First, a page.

Yet another income report. Well, for this blog, it’s only the second one - my previous one was last year’s end-of-year income report. Income reports still seem to be a popular topic in the blogosphere, although most who do income reports do monthly income reports rather than yearly income reports.
2017 has been a pretty good year. I only met three of my four goals - I didn’t graduate with my master’s, but that’s okay because I definitely will be in 2018. Another goal I had that I didn’t mention in the 2017 goal blog post is to read a more. I didn’t read nearly as much as I used to - I used to read several books a month. This year I only read five books, one of which I started several years ago, two I haven’t finished yet. Despite the low number, it’s been a definite improvement over past years.
Earlier this year I become interested in the cryptocurrency scene, particularly bitcoin. In addition to buying some bitcoin on Coinbase, I also bought an AntMiner S3 on eBay. I was using the AntMiner via the NiceHash service, but after the recent hack, I decided to move to an actual pool. After a very short amount of research, I decided to go with SlushPool, which is one of the older pools.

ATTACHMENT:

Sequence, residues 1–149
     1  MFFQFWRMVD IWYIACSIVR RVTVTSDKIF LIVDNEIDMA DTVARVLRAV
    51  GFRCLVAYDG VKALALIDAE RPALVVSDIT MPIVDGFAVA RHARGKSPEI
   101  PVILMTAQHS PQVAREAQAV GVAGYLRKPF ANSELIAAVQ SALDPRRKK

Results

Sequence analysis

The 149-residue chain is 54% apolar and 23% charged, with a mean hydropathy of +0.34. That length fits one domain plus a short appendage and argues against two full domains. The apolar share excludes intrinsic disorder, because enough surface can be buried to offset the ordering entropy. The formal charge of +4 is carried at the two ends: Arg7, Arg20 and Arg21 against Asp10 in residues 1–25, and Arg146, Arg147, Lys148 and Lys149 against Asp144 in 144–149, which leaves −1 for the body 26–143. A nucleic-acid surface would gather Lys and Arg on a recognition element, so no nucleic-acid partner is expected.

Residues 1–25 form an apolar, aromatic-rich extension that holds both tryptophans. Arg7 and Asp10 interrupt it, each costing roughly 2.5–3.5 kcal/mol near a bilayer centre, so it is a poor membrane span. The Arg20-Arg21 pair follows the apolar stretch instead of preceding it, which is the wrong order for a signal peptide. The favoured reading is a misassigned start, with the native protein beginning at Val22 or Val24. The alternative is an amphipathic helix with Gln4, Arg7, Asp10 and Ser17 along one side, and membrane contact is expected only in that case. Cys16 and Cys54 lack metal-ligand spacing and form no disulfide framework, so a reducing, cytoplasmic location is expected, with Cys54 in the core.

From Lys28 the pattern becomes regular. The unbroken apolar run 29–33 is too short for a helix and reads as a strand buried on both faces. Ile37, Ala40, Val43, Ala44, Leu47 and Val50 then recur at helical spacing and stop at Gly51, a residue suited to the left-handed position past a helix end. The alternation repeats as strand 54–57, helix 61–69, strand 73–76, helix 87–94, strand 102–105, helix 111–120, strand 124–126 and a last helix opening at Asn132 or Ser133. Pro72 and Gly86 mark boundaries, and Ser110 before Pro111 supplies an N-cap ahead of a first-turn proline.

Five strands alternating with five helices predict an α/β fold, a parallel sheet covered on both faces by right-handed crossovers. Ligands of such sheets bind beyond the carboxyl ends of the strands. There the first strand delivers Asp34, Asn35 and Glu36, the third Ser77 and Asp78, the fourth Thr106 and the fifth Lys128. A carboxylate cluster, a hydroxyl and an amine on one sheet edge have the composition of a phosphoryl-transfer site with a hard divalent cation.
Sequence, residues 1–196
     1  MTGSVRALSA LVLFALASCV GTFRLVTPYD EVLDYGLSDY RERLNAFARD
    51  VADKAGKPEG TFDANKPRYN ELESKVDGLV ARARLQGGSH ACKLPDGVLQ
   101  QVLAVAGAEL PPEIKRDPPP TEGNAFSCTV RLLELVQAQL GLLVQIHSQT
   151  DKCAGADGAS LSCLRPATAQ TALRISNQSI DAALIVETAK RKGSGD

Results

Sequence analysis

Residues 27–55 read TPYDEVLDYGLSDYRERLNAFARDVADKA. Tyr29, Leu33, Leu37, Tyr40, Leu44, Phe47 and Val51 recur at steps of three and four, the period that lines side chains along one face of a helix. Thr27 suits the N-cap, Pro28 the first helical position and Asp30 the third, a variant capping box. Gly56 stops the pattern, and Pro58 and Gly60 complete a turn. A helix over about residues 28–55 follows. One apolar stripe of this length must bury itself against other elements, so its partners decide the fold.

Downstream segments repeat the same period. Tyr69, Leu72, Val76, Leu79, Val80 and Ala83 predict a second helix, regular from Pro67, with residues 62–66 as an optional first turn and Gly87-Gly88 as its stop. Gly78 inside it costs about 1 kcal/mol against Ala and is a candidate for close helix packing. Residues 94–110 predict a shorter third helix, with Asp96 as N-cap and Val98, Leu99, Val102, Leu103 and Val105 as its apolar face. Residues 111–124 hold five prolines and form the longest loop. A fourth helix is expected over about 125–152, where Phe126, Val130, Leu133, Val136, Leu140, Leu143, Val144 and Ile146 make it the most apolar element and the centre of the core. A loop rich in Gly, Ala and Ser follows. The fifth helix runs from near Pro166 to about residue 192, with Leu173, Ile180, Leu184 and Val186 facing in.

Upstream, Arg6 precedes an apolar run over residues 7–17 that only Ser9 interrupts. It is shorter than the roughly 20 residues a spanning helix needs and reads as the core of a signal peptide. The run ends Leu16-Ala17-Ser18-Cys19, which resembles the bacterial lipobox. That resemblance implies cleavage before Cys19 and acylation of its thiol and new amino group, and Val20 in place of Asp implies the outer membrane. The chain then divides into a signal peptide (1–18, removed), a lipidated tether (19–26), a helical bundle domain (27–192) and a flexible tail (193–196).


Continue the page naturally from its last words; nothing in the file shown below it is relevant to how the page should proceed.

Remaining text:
A common topic of conversation is what people would do if they won the lottery. People often dream of winning it big any buying big houses, nice cars, and quitting their jobs. My brothers and I weren’t immune to this topic, however, we often would have another answer as to what to do with lottery winnings: put it in the bank and live off the interest.
One of the more interesting and important parts of studying two different sets of data is to see if they are correlated. It might make one wonder if the order of the data matters. In this blog post, I show with three different methods - by an empirical example, by looking at the correlation function, and visually - why the order doesn’t matter so long as each data point is matched to the same datapoint each time.